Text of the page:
Through a Certain Forest
Cover Art by Amy Kollar Anderson
Through a supernatural wood ravaged by fabled creatures of our mythic past, Through a Certain Forest follows two heroes. Among sentient trees, hill-men stewards, and unstable marriages, they seek the truth of legends. They unearth extraordinary imbalances between natural landscapes and unnatural uses in a forested world. They discover what grafts nuclear threat to troll dolls from pop culture, tree agricultural, and genetic mutations. Amid this radioactive fallout, who are the giants whose steps shake mountains with horror? From a post-apocalyptic vantage, how does a modern relationship disintegrate through unchecked chemical addiction, dependency, and madness? During nuclear warfare, what healing might be possible by turning toward the intelligence of trees? By revisiting fairy-tales in classic literature and folklore, Through a Certain Forest cultivates a contemporary retelling. Follow this leaf-strewn path into an unknown woodland of familiar and unfamiliar beings that frighten, delight, and surprise.
Through a Certain Forest’s controlling symbols—trees, trolls, fairy rings, thunder, and bombs—are multivalent, linking primal ancient beauties and blasted modern realities.
– Clif Mason
Praise for Through a Certain Forest
Through a Certain Forest draws us irrevocably into the faerie- and ghost-inhabited wilderness where we’ve all been lost in dreams. Evocative as hell, it draws on the accumulated weight of human folktales; even the title evokes the language of French fairy-tales: Il y avait jadis une certaine forêt … and, yes, I was enchanted. Trees as exploited women and as the inheritors of the earth, trolls as men and as the kitschy detritus of our society, share, at times, with humans a landscape cratered by unexplained bombings, and somehow, survivors of one sort or another pull through. These poems are filled with entities familiar to us who in turn gaze into the abyssal mirror of what does my life mean? A wonder-filled collection. – F.J. Bergmann
We are given a field guide to trees in Laura Madeline Wiseman’s latest book of poetry Through a Certain Forest, realizing as we step in that we are deep in the mythos of ourselves. Each poem is a persona, each tree species recounting its survival from humans. Us homo sapiens are the trolls lurking through the middle of the collection. In the midst of bombings and ecological disasters caused by us is the private life of the speaker, too, living with her own personal troll. Things are bleak, like the first half of a fairy tale. In a car on the freeway, the speaker thinks, “I want to ask how we’ll pay all the tolls still left before us.” We know there is always a cost. Yet the trees each have a voice of resistance as even laurels share, “Now we are the welcome—survivors, winners, and crowned.” We should be listening. – Dennis Etzel, Jr.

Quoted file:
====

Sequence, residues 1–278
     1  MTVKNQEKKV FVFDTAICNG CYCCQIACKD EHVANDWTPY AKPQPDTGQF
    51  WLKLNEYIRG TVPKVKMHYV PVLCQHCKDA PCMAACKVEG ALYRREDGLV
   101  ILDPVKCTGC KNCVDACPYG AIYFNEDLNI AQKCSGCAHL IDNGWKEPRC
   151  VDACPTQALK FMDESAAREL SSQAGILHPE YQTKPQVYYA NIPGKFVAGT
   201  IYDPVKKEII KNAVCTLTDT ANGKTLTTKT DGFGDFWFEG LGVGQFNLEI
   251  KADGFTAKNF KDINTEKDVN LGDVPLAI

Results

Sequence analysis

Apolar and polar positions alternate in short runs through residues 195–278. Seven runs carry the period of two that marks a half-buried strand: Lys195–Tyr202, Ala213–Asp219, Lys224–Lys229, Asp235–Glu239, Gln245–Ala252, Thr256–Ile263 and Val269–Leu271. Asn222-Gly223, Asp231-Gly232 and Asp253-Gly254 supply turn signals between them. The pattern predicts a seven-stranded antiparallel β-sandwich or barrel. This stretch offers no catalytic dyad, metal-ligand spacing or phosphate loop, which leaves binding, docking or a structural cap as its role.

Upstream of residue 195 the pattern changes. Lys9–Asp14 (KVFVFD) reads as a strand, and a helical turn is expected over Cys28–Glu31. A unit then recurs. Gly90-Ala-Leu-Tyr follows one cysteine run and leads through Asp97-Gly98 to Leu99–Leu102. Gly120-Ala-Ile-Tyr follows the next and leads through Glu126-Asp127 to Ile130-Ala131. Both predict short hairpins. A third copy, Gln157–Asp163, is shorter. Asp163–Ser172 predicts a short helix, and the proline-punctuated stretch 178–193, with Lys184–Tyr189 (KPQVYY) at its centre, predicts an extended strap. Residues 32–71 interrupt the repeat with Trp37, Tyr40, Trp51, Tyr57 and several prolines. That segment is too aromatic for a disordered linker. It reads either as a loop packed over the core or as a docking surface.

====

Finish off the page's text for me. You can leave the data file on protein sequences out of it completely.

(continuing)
Laura Madeline Wiseman’s Through a Certain Forest is a quest, searing and searching, through a dystopian landscape that is partly natural, partly ruined by human choice. The collection’s controlling symbols—trees, trolls, fairy rings, thunder, and bombs—are multivalent, linking primal ancient beauties and blasted modern realities. The saintly, forgiving trees are exploited and despoiled—sharing psychic space with a female speaker who suffers irruptions of domestic violence and sexual violation. This collection presents an audacious new myth—and it is shattering. The book also offers resolution and hope in a language of intense lyricism and music. – Clif Mason
Laura Madeline Wiseman mixes the modern with the mythic so seamlessly I often emerge from her poems having forgotten which world I am in. Her apocalyptic visions in Through a Certain Forest are no exception; a true master of metaphor, she weaves tales of the takeover of trolls—those predatory people your mother warned you about—and the healing power of nature even at the end of the world. This collection confirms Wiseman as one of my favorite modern poets. – Bonnie Jo Stufflebeam
Via Laura Madeline Wiseman’s precise and nuanced language, Through a Certain Forest calls forth myth and folklore to illuminate the lives of women in a chaotic world. These evocative poems meld imagery of botany, trolls, factories, and apocalyptic disaster to reveal a narrative that is both beautiful and unsettling. Some poems give voice to plant life, each species forming a kind of collective consciousness, female voices sounding out against witnessed violence and destruction. In other poems, a woman shapes her life in the aftermath—joggers wear headbands, neon haired troll dolls remain hidden in old boxes, trolls hunker down under bridges. The world presented is much like our present world and vastly different from it. In the end, the poems reveal, “permanent scars” may remain, but life continues on. – Andrea Blythe
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